Roblimo writes: Slashdot's Timothy Lord is at the International Consumer Electronics Expo (CES) in Las Vegas. There is no way any one person can take in the whole show. It's just too big for that. But on Timothy's first day, he spotted an overlay keyboard for the iPad that's been mentioned on Slashdot before, an invisible keyboard for your smartphone or tablet, and a crazy-interesting all-in-one computing device with a built-in projector and built-in virtual keyboard. Watch the video and join Timothy as he learns about these three devices. (Before you ask: Yes, we'll have more videos from CES over the next few days.)
Piracy

Submission + - Music Industry Sues Irish Government for Piracy (activepolitic.com)

bs0d3 writes: The music industry has initiated a lawsuit against the Irish government for not having blocking laws on the books; on the theory that if blocking laws were in place then filesharing would go away. On Tuesday the music industry issued a plenary summons against the Irish government which is the first step towards making this litigation possible. This all began in October 2010 (EMI v. UPC), when an Irish judge ruled that Irish law did not permit an order to be made against an ISP requiring blocking of websites. Recently several ISPs across the European Union have been ordered by courts to block thepiratebay.org through strange legal maneuvers. Countries whose laws have enough loopholes to abuse may be able to fend off US interference for now.
Windows

Submission + - The Future of Auto Theft (autosec.org)

NicknamesAreStupid writes: Over the past twenty years, car theft has declined as new models incorporated electronic security methods that thwarted simple hot-wiring. The tide may now be turning, as cars become the next Windows PC. The Center for Automobile Embedded Systems Security has posted an interesting paper from UCSD and UW that describes how modern cars can be cracked. Unlike the old days of window jimmies, these exploits range from attacks through the CD or iPod port to cellular attacks that take inventory of thousands of cars and offer roaming thieves Yelp-like choices ("our favorite is mint green with leather") with unlocked doors and running engines.
Education

Male Brains 'Wired for Videogame Obsession' 125

thinkzinc notes a story indicating that, according to a new study, men have a harder time putting down a controller than women do. Researchers at Stanford did brain imaging work on a group of young test subjects while they played a simple PC game. Besides the 'obvious' conclusion that men were more 'aggressive at gaining territory on the screen', the tests also indicated that male brains showed more activity in the reward and addiction components of the brain. "The lead author, Dr. Allan Reiss, noted that most of the video games that are popular with men are territory and aggression-type games. 'These gender differences in the brain may help explain why males are more attracted to, and more likely to become hooked on video games than females,' he said. Other recent surveys indicate that about 40 percent of Americans regularly play games on a computer or console, but young males are two or three times more likely than females to feel addicted to video games, Reiss said. "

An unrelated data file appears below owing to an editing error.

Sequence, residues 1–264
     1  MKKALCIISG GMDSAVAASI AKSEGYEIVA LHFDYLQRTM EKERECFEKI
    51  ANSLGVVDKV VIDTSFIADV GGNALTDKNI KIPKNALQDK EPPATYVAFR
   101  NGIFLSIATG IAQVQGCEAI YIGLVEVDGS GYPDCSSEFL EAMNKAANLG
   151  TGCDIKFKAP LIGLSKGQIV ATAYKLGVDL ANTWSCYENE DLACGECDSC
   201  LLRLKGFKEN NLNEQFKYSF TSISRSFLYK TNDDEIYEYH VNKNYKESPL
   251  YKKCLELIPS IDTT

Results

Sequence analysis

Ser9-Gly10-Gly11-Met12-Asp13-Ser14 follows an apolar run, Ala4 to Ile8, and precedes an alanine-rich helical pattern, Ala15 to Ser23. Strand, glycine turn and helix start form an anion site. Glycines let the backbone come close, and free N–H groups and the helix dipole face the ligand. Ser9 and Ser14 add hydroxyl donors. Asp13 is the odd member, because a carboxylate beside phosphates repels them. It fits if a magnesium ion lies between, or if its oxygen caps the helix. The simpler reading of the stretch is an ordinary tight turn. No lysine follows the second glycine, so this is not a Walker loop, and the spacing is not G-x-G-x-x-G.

Power

Li-Ion Batteries Hit Final R&D Phase for Plug-in Cars 238

An anonymous reader writes "Tesla finally delivered its first production model of the all-electric Roadster this month. Coinciding with that, researchers from the big automakers and their outsourced startup labs are hitting stride in the development of cheap, high-powered lithium-ion batteries. These may actually end up in our garages. Toyota, in fact, says it's got enough of the chemistry down to roll out a test fleet for the plug-in Prius before the end of 2009. It's mass production of battery tech that's the holdup — which might mean Mercedes' electric hybrids beat the Prius to market en masse by 2010 or 2011."
Supercomputing

One Computer to Rule Them All 288

An anonymous reader writes "IBM has published a research paper describing an initiative called Project Kittyhawk, aimed at building "a global-scale shared computer capable of hosting the entire Internet as an application." Nicholas Carr describes the paper with the words "Forget Thomas Watson's apocryphal remark that the world may need only five computers. Maybe it needs just one." Here is the original paper."
Privacy

Canadians Wary of 'Enhanced Drivers Licenses' 258

Dr.Merkwurdigeliebe writes ""Enhanced drivers licenses such as those to be issued in B.C. will lay the groundwork for a national identity card", federal privacy commissioner Jennifer Stoddart said yesterday. Stoddart said the licenses, touted as an alternative to a passport for the purpose of crossing the U.S. border, closely resemble the Real ID program in the United States. She characterized that program as a way of introducing a "type of national identity card" for Americans."
Security

Does Anonymity In Virtual Worlds Breed Terrorism? 295

An Anonymous Coward writes "The Washington Post has an article about the Intelligence Advanced Research Projects Activity's take on the numerous virtual worlds (e.g. Second Life) that have cropped up in recent years. IARPA's thesis is that because the Government can't currently monitor all the communication and interaction, terrorists will plot and scheme in such environments."